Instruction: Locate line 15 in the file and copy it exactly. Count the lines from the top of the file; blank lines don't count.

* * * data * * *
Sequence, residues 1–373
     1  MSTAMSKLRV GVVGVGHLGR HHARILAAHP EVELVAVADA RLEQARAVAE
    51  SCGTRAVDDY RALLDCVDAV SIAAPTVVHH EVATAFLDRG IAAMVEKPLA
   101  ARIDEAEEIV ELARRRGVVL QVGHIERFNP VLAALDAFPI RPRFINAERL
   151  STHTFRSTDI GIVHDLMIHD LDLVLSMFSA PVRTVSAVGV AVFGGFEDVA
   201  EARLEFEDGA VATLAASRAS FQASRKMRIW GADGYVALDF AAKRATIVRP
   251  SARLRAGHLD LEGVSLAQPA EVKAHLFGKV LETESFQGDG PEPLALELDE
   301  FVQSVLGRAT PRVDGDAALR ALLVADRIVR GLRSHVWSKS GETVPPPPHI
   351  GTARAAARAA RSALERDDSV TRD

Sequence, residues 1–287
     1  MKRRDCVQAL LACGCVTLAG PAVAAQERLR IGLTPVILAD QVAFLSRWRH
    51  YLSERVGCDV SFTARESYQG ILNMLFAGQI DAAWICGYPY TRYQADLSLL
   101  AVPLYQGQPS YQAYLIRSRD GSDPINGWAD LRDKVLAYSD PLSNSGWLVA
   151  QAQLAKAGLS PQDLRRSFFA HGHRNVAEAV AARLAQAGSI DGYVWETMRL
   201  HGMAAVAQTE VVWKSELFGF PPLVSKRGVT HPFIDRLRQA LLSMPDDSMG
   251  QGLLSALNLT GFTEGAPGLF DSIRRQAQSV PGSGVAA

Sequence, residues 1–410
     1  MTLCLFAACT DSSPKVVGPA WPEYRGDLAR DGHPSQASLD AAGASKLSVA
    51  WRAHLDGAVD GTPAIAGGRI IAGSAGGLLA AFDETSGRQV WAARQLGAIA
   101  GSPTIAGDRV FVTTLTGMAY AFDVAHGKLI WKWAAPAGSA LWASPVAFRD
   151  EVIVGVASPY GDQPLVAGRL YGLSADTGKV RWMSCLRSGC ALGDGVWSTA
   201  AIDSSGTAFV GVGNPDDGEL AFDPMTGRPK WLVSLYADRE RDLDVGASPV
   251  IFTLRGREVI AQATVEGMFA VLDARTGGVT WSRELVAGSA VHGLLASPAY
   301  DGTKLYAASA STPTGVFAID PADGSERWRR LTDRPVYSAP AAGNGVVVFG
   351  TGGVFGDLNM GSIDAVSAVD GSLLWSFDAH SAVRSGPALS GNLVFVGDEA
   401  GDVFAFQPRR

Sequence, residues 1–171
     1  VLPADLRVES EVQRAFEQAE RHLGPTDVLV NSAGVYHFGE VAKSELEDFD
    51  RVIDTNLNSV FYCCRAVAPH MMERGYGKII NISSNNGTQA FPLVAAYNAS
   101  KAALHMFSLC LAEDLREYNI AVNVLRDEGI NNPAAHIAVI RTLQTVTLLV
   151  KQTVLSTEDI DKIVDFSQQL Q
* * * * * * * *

   201  HGMAAVAQTE VVWKSELFGF PPLVSKRGVT HPFIDRLRQA LLSMPDDSMG